Dispatch

Crimea’s Forgotten Children Fight Back

Crimea’s Forgotten Children Fight Back

CHONGAR, Ukraine – Last month, a 32-year-old singer named Jamala was chosen to represent Ukraine at the Eurovision 2016 contest, with a song that’s a far cry from the competition’s typical bubbly euro-pop.

Her song, ‘1944,’ an R&B ballad, is about the brutal deportation of her people, the Crimean Tatars, from their Black Sea peninsula to Central Asia and Siberia during World War II. The chorus, sung in Crimean Tatar, repeats the story of Jamala’s deported grandmother: ‘I could not spend my youth there/Because you took away my land,’ she sings. But in the song, the contest judges and Ukrainian public found an expression of their own grief and anger at the loss of the Crimean peninsula, which was annexed from Ukraine by Russia in 2014, and in the lyrics, an expression of sympathy for a new generation of Crimean Tatars who have had to leave their homeland, or remain there under a repressive regime.

Meanwhile, some 450 miles away from the glitzy Kiev concert hall, Evelina Arifova sat in a comfortless army tent near the village of Chongar, on the de-facto border between Crimea and mainland Ukraine. Crimean Tatar activists have been camped here for months, enforcing a trade and electricity embargo on the peninsula that they hope will one day help them win it back.

Arifova watched the competition and texted her vote for Jamala from her mobile. Her friends in Crimea could not vote: Only numbers with a Ukrainian country code were valid, and numbers in Crimea are Russian now. Nor could many watch the competition, as Ukrainian TV channels are no longer broadcast there; even if they were, the regular power outages affecting the peninsula since Ukraine stopped supplying electricity would have probably interrupted the show. Arifova and others like her in mainland Ukraine bought extra Ukrainian sim cards so they could vote on behalf of friends and relatives back home.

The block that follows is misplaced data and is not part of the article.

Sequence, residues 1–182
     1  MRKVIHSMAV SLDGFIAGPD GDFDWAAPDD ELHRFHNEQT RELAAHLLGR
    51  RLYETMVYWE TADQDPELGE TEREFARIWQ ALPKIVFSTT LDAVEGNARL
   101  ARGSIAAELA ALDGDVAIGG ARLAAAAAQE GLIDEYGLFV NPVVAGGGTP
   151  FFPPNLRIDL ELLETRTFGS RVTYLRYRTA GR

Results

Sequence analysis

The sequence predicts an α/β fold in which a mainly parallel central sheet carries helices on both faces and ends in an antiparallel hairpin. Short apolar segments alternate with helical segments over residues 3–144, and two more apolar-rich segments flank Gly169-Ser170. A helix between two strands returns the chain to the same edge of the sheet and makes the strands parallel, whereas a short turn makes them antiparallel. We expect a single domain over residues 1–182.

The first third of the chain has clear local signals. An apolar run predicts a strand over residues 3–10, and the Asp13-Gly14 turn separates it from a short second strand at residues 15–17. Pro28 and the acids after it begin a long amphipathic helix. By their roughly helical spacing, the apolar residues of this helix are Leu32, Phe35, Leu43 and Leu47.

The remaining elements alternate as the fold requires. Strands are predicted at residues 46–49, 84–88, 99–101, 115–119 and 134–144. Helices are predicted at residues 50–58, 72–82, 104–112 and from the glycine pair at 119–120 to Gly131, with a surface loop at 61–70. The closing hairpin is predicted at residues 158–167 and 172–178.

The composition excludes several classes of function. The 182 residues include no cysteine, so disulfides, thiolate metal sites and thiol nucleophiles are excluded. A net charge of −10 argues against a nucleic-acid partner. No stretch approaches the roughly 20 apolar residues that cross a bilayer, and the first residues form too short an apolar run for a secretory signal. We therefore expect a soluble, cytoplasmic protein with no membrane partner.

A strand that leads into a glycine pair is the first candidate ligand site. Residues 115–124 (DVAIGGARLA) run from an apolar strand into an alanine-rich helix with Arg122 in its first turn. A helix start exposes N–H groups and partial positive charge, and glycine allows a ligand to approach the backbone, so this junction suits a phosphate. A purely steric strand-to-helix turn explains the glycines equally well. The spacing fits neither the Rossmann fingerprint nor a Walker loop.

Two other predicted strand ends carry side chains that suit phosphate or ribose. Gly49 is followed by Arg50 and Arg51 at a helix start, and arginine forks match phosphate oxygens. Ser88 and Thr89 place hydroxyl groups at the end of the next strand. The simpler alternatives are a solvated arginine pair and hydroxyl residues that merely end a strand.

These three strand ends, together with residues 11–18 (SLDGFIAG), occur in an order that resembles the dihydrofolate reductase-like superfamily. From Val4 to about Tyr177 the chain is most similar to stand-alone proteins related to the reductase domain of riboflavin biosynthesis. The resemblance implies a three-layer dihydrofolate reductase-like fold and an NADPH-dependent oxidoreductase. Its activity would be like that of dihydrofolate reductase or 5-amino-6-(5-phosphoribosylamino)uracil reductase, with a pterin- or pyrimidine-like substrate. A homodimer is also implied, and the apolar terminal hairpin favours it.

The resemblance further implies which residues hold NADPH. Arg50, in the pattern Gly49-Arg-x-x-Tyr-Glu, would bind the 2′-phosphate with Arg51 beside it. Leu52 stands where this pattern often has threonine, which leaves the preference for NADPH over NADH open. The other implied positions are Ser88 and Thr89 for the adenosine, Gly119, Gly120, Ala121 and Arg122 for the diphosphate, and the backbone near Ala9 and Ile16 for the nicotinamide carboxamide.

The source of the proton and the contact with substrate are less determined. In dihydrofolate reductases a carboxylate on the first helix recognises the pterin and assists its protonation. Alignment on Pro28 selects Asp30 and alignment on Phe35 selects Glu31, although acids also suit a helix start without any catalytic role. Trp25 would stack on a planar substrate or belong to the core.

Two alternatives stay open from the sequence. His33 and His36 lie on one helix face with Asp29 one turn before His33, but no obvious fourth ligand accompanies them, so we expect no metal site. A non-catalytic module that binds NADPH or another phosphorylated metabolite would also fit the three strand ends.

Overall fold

Like Jamala (whose real name is Susana Jamaladinova), Arifova is a Crimean Tatar, a member of the Muslim minority that fiercely opposed Russian annexation, and which has been subjected to steadily growing repression since the takeover. Now she is part of a small group of strange bedfellows – Crimean Tatar activists and Ukrainian nationalist paramilitary groups – who are leading a low-level insurgency against the Russian annexation. Last fall they took the law into their own hands by unilaterally imposing a trade blockade of the peninsula, stopping traffic, demanding to see travelers’ documents and confiscating goods. In November, unknown saboteurs cut four nearby power lines providing electricity to Crimea, leaving the entire peninsula in the dark.

The latter move also left Arifova – who, like everyone on the blockade, claims not to know who blew up the power lines but supported pickets that blocked their repair — at risk of being banned from returning home, or arrested if she does return. Blockade leader and financer Lenur Islyamov faces criminal charges in Russia; his assets in Crimea have been seized and the houses of his relatives searched.

“In Crimea [the authorities] are opening criminal cases against the blockade organizers,” Arifova told me late last year. “I’ve realized I can’t go back.”

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When Russia annexed Crimea from Ukraine in 2014, after an internationally condemned referendum, much of the world sympathized with the Tatars who’d been left behind. Relations between Russia and the Crimean Tatars are historically fraught: Close to half the entire population was wiped out when the group was deported en masse from Soviet Crimea under Stalin. Crimean Tatars campaigned for decades before more than 250,000 were allowed to return to the peninsula in the early 1990s, only to face tensions with those who’d settled on the peninsula in their absence.

Fears that the Tatars under Putin would be subjected to oppressive measures have proved justified. The new regime has banned leading Crimean Tatars from the peninsula, and instigated politically motivated court cases against others. It promised to make Crimean Tatar one of three state languages, then reduced hours of Crimean Tatar instruction in schools, closed down ATR, the Crimean Tatar television network owned by Islyamov, and has regularly raided Tatar households and religious institutions in search of ‘extremist’ material. Until a January 2016 visit by a Council of Europe envoy, the new authorities refused to grant access to Crimea to international monitoring organizations and the U.N., though human rights violations have been extensively documented.

At first, Crimeans opposed to the Russian annexation, including Tatars, chose mostly to resist through peaceful means. Serhii Kostynskyi, from Ukraine’s National TV and Radio Committee, launched the Crimea is Ukraine media campaign in spring 2015 to focus international and domestic media coverage on the many prominent Ukrainian citizens from Crimea who had become internally displaced. It was part of a long-term strategy, Kostynskyi explained, to expose human rights abuses and win back Crimea with “soft power.”